Background Dietary nitrate supplementation, usually in the form of beetroot juice, may improve exercise performance and endothelial function. We undertook a systematic review and meta-analysis to establish whether this approach has beneficial effects in people with respiratory disease.
Methods A systematic search of records up to March 2021 was performed on PubMed, CINAHL, MEDLINE (Ovid), Cochrane and Embase to retrieve clinical trials that evaluated the efficacy of dietary nitrate supplementation on cardiovascular parameters and exercise capacity in chronic respiratory conditions. Two authors independently screened titles, abstracts and full texts of potential studies and performed the data extraction.
Results After full-text review of 67 papers, eleven (two randomised controlled trials and nine crossover trials) involving 282 participants met the inclusion criteria. Three were single dose; seven short term; and one, the largest (n=122), done in the context of pulmonary rehabilitation. Pooled analysis showed that dietary nitrate supplementation reduced systolic blood pressure (BP), diastolic BP and mean arterial pressure (mean difference (95% CI), −3.39 mm Hg (−6.79 to 0.01); p=0.05 and –2.20 mm Hg (−4.36 to −0.03); p=0.05 and −4.40 mm Hg (−7.49 to −1.30); p=0.005, respectively). It was associated with increased walk distance in the context of pulmonary rehabilitation (standardised mean difference (95% CI), 0.47 (0.11 to 0.83), p=0.01), but no effect was identified in short-term studies (0.08 (−0.32 to 0.49).
Conclusion Dietary nitrate supplementation may have a beneficial effect on BP and augment the effect of pulmonary rehabilitation on exercise capacity. Short-term studies do not suggest a consistent benefit on exercise capacity.
PROSPERO registration number CRD42019130123.
- pulmonary rehabilitation
Data availability statement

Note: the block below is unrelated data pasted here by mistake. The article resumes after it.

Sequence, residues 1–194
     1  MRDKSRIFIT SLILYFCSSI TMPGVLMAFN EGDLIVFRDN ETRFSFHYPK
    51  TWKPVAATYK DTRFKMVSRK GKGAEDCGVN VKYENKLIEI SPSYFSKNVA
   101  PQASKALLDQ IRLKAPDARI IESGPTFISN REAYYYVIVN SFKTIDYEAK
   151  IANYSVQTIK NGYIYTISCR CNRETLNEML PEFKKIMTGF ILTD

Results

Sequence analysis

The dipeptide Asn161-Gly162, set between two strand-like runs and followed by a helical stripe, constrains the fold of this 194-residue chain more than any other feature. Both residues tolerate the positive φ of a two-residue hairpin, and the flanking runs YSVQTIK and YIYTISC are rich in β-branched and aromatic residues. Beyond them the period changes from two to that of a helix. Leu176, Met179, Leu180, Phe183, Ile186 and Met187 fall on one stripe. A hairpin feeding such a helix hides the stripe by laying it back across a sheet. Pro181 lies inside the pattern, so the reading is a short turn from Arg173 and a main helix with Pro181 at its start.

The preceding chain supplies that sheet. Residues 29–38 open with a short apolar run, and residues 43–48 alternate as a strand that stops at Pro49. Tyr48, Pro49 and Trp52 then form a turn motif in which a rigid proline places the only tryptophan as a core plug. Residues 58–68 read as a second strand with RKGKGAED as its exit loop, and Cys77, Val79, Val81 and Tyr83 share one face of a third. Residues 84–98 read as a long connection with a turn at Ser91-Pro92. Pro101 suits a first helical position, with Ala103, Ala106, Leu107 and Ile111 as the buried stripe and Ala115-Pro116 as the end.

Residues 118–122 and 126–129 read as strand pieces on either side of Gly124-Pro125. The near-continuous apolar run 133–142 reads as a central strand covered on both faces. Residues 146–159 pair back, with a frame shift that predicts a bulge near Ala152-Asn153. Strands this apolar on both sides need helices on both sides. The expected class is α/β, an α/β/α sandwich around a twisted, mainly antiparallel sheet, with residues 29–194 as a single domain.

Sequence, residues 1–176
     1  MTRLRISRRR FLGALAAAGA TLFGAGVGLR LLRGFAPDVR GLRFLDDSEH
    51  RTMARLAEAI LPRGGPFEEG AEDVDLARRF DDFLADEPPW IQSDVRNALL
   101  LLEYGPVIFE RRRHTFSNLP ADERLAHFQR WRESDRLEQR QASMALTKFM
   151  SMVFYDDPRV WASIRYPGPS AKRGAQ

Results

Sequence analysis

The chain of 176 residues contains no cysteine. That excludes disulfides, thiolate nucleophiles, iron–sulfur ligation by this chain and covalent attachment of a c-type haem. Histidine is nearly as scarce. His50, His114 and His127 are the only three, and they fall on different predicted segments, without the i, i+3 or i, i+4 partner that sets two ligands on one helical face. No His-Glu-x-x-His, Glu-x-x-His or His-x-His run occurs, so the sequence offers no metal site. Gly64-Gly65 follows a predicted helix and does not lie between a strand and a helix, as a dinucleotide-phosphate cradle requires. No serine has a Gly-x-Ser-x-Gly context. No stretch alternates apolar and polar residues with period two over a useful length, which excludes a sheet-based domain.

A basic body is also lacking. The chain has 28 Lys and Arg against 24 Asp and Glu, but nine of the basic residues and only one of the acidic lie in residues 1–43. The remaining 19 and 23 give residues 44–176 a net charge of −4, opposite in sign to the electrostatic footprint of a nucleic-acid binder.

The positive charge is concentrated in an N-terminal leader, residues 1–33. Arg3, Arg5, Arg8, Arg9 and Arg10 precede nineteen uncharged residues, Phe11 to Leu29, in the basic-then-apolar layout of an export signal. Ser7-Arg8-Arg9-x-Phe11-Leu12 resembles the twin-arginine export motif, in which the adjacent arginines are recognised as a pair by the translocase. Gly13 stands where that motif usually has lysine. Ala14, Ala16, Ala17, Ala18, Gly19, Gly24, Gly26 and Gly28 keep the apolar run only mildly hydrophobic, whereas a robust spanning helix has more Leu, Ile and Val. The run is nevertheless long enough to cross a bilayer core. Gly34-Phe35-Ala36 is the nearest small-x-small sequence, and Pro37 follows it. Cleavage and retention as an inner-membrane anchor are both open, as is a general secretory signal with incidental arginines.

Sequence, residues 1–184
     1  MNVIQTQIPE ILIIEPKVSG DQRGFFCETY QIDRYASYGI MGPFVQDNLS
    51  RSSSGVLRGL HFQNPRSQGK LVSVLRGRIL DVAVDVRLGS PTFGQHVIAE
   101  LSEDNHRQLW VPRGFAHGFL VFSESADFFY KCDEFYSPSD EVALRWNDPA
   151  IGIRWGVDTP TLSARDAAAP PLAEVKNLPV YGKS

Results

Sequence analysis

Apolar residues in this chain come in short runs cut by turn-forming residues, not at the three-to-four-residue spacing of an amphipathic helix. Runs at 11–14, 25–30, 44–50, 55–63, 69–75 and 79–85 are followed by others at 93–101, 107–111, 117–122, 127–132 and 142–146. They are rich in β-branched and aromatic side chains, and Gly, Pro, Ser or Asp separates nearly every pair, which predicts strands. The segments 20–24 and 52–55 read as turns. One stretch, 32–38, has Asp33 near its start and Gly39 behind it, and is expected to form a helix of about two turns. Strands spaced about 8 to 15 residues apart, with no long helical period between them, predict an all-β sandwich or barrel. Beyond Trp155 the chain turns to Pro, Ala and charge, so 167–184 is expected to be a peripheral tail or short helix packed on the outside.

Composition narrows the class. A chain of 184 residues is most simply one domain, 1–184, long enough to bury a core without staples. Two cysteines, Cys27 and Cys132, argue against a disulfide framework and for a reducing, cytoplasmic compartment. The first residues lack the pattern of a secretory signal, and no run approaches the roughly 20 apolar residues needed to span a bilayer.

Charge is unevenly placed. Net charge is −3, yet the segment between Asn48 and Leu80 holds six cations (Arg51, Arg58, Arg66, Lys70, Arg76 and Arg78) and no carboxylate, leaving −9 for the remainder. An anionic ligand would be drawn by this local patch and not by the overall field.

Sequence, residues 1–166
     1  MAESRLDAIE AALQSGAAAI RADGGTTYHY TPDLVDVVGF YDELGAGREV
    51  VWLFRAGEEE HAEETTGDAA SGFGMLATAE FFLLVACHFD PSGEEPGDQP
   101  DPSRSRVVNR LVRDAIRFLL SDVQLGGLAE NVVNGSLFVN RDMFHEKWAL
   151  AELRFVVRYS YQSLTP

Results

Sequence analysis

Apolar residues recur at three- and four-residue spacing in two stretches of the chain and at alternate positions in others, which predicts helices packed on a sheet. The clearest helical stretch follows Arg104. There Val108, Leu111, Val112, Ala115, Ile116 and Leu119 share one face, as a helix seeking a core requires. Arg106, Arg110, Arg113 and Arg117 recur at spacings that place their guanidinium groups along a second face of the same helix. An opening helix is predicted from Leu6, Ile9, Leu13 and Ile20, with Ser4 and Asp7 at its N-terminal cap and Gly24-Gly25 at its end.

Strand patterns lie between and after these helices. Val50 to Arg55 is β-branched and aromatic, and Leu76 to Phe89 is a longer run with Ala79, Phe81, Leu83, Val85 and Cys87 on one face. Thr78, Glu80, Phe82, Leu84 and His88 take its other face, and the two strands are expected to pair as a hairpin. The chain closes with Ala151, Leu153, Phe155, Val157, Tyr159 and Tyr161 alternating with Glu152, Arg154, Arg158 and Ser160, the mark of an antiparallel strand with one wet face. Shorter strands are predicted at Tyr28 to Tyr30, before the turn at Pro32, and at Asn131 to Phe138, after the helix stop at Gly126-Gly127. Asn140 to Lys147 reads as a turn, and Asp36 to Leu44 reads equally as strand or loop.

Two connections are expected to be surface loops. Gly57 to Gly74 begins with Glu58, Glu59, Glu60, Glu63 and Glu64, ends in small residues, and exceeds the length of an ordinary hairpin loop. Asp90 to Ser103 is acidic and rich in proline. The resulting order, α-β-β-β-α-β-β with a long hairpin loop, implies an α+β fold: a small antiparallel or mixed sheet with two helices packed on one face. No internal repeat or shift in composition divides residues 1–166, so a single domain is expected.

All data relevant to the study are included in the article or uploaded as supplementary information.
This is an open access article distributed in accordance with the Creative Commons Attribution Non Commercial (CC BY-NC 4.0) license, which permits others to distribute, remix, adapt, build upon this work non-commercially, and license their derivative works on different terms, provided the original work is properly cited, appropriate credit is given, any changes made indicated, and the use is non-commercial. See: http://creativecommons.org/licenses/by-nc/4.0/.
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Why read on?
This review systematically evaluates the available evidence regarding the impact of dietary nitrate supplementation on exercise capacity and cardiovascular parameters in individuals with respiratory disease.
Exercise limitation is a common feature in individuals with chronic respiratory disease (CRD) despite optimum medical treatment including pulmonary rehabilitation (PR) and pharmacotherapy.1–3 Factors contributing to breathlessness and reduced physical activity include altered pulmonary mechanics and cardiovascular function as well as skeletal muscle impairment.4–7 Nitric oxide (NO) is a ubiquitous signalling molecule with a key role in endothelial function, and a relationship between plasma nitrite (NO2-) levels and exercise performance has been identified.8 9 Dietary NO3- supplementation, which increases NO availability via a NO3-–NO2-–NO pathway, has therefore been proposed as a potential complementary approach to improve exercise capacity in people with cardiorespiratory disease.